Home XOLD xFeatures Hands-on: HS Tactical, HS Service and HS Subcompact

Hands-on: HS Tactical, HS Service and HS Subcompact

My experience with HS pistols came about in a totally roundabout way. I had to attend a product launch last week at Stronghand Shooting Range where the organizer decided to put a little zing into their event with a mini-media shooting competition at the end. Since I’m a self-confessed gun nut and religious airsofter, I couldn’t pass up the chance to get some trigger time at the range. That’s where I got acquainted with the HS series of pistols and with Joey “Storm” Rivero, the Chief Range Officer for Stronghand shooting range. Me and Joey got to talking about the HS line of pistols (which Stronghand is a distributor of), and he graciously offered me the opportunity to come back to Stronghand to get some quality time with the pistols.

That’s how Ren Alcantara, our Associate Editor, himself a fellow gun nut and I found ourselves standing in the cavernous shooting bays of Stronghand Shooting Range  in E. Rodriguez, Cubao earlier today. In front of us were four pistols in the HS line: the full sized HS Tactical chambered in 9mm, the relatively shorter HS Service chambered in 9mm and .45 and the small but deadly HS Subcompact chambered in 9mm. Clearly, today was a polymer kind of day.

Before we got to shooting, Joey spoke about the main advantages of the HS line of pistols. One of the main advantages of pistols like the HS is safety – HS pistols are all striker fired, which means that there is a physical block between the firing pin and chambered round called the firing pin block which virtually eliminates the possibility of an accidental discharge of the weapon if it’s accidentally dropped. Joey says that even if you use the HS pistols as a hammer, he’s confident that they will not fire, something that we really didn’t challenge – pistols are not carpentry implements, after all.

Aside from that particular safety feature, HS pistols also use a grip safety quite similar to 1911 series of pistols. Like 1911s, these pistols won’t fire if you’re not holding the pistol correctly, which adds another element of safety. The HS-45 that we shot had an additional ambidextrous side safety. Finally, HS pistols also use a trigger safety that’s similar to other polymer firearms.

HS pistols also use a couple of other neat features – chief of which is the striker indicator on the back of the slide. The striker indicator tells shooters if the pistol is cocked and ready to fire, which saves you from recocking the gun if you’re not sure it’s ready or not.

Another feature that we liked is the loaded chamber indicator – basically, it’s a small indicator near the ejection port that tells you if there’s a round chambered or not, which saves shooters the effort of performing a a brass check. This particular feature is especially useful during low-light situations. All of these features are present in all of the pistols in the HS line.

While I consider myself a beginner, I’ve shot a fairly wide array of pistols before. My personal preference when it comes to pistols is the venerable 1911, though I’ve also shot a Glock 17, Browning Hi-Power, Beretta and a Taurus. From my limited experience with these types of pistols, I’ve found that the HS-9 and the HS-45 are all pretty soft shooting pistols. This is because of the recoil buster – basically their fancy name for their recoil spring. The hi-tang grip and the recoil buster makes shooting the HS a pretty pleasurable experience. The recoil buster even tamed the characteristically heavy flip of the .45 round, which made the HS-45 manageable for a beginner like me.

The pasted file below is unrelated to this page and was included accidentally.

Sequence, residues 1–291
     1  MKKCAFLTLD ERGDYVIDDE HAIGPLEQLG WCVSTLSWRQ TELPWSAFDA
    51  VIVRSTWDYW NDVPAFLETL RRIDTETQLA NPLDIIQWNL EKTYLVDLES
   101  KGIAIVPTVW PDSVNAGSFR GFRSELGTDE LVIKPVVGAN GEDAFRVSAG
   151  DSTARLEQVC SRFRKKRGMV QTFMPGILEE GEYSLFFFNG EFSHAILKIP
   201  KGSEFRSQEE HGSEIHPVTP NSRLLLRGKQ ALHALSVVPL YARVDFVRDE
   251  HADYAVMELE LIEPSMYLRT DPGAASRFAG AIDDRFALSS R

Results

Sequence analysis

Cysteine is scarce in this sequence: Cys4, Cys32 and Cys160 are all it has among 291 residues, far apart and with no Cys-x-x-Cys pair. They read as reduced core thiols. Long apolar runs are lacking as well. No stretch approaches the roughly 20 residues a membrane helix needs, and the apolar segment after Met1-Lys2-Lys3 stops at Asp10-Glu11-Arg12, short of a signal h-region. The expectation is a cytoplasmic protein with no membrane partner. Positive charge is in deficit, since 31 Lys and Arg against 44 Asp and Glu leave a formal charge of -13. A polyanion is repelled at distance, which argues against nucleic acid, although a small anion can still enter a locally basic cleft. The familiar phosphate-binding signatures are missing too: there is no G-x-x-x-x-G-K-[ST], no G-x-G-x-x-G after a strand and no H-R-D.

Shot at 5 meters, using an HS-9

After about 2 magazines, I managed to get a handle on the HS-9 Tactical and my groups improved. I was surprised that I was shooting pretty tight groups, something that I’ve only managed to do after spending a lot of time with a particular firearm. Joey credits the good groups to the match grade barrel that’s present in every HS pistol, which he says allows shooters to shoot accurately up to 50 meters.

I also noticed that the trigger is pretty good for a striker fired gun, and didn’t have excessive trigger creep which is always associated with these types of guns.

Of course, those tight groups can also be credited to Joey’s instruction and the excellent facilities present at Stronghand Shooting Range. I’ve been to a lot of ranges scattered around the metro before, and I can say without a doubt that the facilities in Stronghand are some of the best in the country. Stronghand is probably the only non-toxic indoor range in the country today, and after about 250 rounds of ammo sent downrange our clothes didn’t have that gunpowder stink that one would normally associate with indoor ranges.

During my time with the all the HS variants mentioned above, I encountered about 4 instances when the round failed to fire. The hammer dropped and the firing pin hit the primer cleanly, but unfortunately the ammo failed to go bang. Joey attributed this failure to the type of propellants used in the rounds in Stronghand – the powder they used in the range is non-toxic, which has the unfortunate side-effect of sometimes not being volatile enough to be ignited by the primer.



When I went into Stronghand during the shoot, I was a staunch 1911 man. That view changed quite a bit after spending quality time with the HS pistols. They are completely safe, easy to use and are pretty damn accurate, all of which are excellent characteristics to have in a pistol. If you’re interested in getting one, you can expect to shell out around Php 40,000 to Php 45,000.

Special thanks to Joey “Storm” Rivero and the rest of the crew at Stronghand Shooting range for making this shoot possible. If you’re interested in visiting them, you can head to their website at http://www.stronghandinc.com.